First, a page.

Being Selective with Your IT Training Budget

If you have ever had to enter or approve a line item for employee training in your budget, then you already know it is a considerable expense.  Sending IT professionals off to training can be a worthwhile expense that can actually save your company thousands of dollars or it can be a complete disaster leaving you in the lurch at the worst possible time.  There has to be a happy middle ground that will quantify your investment in your valuable employees and at the same time set realistic expectations from your employees who are seeking the training.

Learning New Skills Varies by Employee

It is important to understand that all of your employees in the IT department, be they System Administrators, Database Administrators, Help Desk Technicians or Security Administrators all have different skillsets and ways of learning new skills.  Of course we all want the passionate, self-motivated and self-taught experts who are capable of handling any project, communicate flawlessly and are team oriented.  Those individuals tend to rise to the top level of their respective career path quickly and often wind up as managers themselves, responsible for hiring and training their replacements.

Other employees require some level of training so that they can meet the goals and expectations of the company. By way of example, let’s say you have a company-wide initiative to become AWS or Azure certified.  You can expect that most of your employees will take advantage of affordable self-paced online training courses and practice exams. Still others will want costly instructor-led courses away from the office.  This does have the benefit of having an expert available to answer specific questions that may not otherwise be answered. Either way, you will end up paying for the tests and some level of training.  This is a clear and defined goal with a single outcome and the budgeted money for this initiative is typically approved.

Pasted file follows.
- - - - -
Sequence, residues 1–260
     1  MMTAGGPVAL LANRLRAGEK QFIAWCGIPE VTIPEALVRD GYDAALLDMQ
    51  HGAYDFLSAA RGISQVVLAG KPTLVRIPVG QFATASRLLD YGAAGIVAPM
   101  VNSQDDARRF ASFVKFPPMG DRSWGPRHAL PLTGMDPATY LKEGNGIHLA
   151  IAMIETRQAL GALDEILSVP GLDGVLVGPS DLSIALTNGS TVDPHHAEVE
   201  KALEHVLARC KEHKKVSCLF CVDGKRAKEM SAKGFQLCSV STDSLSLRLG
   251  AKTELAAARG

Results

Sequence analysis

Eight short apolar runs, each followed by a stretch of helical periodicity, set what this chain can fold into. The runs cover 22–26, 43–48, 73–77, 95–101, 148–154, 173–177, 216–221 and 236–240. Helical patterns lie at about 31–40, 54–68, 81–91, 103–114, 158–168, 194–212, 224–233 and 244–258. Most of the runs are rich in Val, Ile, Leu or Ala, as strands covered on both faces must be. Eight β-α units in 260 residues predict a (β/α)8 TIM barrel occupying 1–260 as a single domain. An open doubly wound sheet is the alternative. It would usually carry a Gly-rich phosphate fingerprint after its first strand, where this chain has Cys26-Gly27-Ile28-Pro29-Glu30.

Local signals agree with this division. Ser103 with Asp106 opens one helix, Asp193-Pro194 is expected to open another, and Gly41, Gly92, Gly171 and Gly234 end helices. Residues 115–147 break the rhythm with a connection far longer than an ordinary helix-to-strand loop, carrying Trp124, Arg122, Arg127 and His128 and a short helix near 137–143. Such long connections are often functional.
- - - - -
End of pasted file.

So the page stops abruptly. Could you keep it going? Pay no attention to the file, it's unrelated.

But what about for the employees who request to go away for a multi-day conference such as PASS Summit for DBAs or MS Ignite for System Administrators?  Now we are talking about the cost of airfare, hotel, meals, conference passes and more. Sending one or more of your staff off to events like this can be fortuitous if you have quantifiable goals and a plan for their absence.  For example, before the conference, look at the IT projects on the board and have your employee make a list of the technologies that they are going to focus on at the conference, such as SQL Server 2016 Availability Groups or SQL Data Warehouse with the goal of using their training to reduce errors, overcome known obstacles or implement cost-saving processes related to the technology at hand. They will also need to be responsible for having their daily tasks covered while they are away.  Who is going to respond to emergencies? It is ok to expect the employee to be available remotely if needed.

ROI on your Training Investment

Budgeting for training is important for every employee as it shows them they are valued and you want them to be the best that they can be at the jobs they are doing for you.  More importantly it instills trust in you and the organization they chose to work for. If there is a good balance between cost and value, with expectations set, you will have a skilled employee who will be around for a long time who will ultimately use his or her talents to save you money.